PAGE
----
How to Avoid Aquarium Algae

Algae is that unattractive (and smelly) greenish-brown “gunk” that attempts to cover every non-moving thing in an aquarium and there are about twenty five thousand different species of it! It’s a problem that plagues both experienced and beginner aquarium enthusiasts alike and although it’s pretty much unavoidable, there are a few things that you can do to minimize the time it takes to removed it from your tank.

Check And Clean Aquarium Accessories Once A Week

Check your filters and clean them according to the instructions given by their manufacturers. Then check under the hood of the aquarium because this area can also attract algae growth. With a non-soapy scrubbing pad – wipe them clean. You’ll want to remove algae with a non-soapy scrubbing pad.

One thing that you never want to do is use soap while cleaning any part of your tank because you may inadvertently pass on toxic chemicals to your fish (regardless of how well you think you rinsed everything). The only place that’s appropriate for a soapy application is the outside of the tank!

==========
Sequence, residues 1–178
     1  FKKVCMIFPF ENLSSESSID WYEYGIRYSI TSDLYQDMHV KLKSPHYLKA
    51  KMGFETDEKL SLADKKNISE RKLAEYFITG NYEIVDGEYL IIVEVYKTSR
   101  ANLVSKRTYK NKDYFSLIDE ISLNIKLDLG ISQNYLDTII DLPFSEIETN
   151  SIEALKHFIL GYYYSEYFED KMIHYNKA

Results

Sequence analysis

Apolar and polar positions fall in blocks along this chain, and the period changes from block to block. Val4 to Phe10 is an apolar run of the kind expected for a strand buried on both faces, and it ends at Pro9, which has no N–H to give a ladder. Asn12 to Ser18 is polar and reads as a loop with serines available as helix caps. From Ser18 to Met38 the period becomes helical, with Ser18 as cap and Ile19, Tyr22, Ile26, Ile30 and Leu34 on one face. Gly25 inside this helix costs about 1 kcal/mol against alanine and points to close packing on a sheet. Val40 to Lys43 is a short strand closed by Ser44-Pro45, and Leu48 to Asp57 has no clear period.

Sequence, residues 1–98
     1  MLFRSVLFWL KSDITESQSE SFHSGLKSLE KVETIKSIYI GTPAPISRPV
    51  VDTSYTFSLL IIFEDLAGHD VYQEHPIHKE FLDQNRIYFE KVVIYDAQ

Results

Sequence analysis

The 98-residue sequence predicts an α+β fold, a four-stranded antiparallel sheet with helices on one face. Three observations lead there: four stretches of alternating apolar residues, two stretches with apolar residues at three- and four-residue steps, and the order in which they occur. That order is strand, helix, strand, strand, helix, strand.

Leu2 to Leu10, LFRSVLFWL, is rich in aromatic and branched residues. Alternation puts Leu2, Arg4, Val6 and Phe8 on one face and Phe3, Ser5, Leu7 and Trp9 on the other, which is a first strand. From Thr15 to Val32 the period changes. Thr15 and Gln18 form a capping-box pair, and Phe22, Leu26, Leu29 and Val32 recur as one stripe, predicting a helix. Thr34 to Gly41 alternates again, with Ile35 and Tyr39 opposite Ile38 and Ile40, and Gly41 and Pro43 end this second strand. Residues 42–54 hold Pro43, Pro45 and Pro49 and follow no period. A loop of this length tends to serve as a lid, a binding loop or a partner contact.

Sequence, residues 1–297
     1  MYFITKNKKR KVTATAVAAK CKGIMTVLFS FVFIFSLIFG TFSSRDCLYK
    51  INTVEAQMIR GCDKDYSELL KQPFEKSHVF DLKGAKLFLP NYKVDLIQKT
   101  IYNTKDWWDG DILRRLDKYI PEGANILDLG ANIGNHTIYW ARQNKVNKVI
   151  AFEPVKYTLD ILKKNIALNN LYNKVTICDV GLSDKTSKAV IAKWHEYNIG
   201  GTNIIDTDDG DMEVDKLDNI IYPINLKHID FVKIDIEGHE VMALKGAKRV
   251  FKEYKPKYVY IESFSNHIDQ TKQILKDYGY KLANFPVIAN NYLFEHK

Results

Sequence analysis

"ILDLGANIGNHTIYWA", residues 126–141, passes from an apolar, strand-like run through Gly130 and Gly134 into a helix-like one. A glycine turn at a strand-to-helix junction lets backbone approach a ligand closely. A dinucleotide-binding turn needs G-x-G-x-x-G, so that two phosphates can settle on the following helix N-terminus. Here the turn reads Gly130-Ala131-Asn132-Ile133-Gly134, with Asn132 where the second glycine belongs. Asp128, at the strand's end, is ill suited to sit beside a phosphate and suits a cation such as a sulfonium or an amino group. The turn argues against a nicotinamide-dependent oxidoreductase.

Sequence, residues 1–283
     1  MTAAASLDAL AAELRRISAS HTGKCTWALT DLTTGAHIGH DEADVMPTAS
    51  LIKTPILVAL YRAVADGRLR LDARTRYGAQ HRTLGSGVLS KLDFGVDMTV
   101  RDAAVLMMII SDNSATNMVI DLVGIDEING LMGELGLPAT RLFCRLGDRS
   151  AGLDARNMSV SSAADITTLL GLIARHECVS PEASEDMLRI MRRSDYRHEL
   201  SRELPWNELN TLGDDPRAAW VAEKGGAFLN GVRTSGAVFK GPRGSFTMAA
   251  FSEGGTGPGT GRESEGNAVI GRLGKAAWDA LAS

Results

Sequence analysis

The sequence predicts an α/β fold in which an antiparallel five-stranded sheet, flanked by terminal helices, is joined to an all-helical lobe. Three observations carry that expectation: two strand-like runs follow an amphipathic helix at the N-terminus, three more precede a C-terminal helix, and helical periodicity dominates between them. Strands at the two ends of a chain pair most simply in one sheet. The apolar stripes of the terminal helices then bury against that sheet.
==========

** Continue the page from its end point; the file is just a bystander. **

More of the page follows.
Get Rid Of Stubborn Algae with A Little Razor Action

Now because some algae can be hard to remove with simple scrubbing, you might have success with using a razor blade to scrape it off. You just have to be careful not to scratch any part of the aquarium (or yourself) while you’re scraping because scratches – no matter how small – can become breeding grounds for bacteria.

Monitor the Effects of Your Aquarium’s Lights

Grow lights encourage the growth of not only the plants and fish in your aquarium (something you want), but they also encourage the growth of algae (something you definitely don’t want). One way that you can tell if you’re exposing your fish to too much light is to look for high levels of algae growth. Algae loves light and if you notice a lot of it in your aquarium, it might be the result of over-exposure.

Let Nature Take Care Of The Problem

You can combat algae growth by placing an aquatic snail or a Pleco inside of your tank. Plecos and snails consume algae for you. You could also include some flatfish in your system. Flatfishes are curious little creatures, as they swim along the bottom of a tank on their sides with both of their eyes peering up on their upperside. Strange indeed but the good news is that they algae too.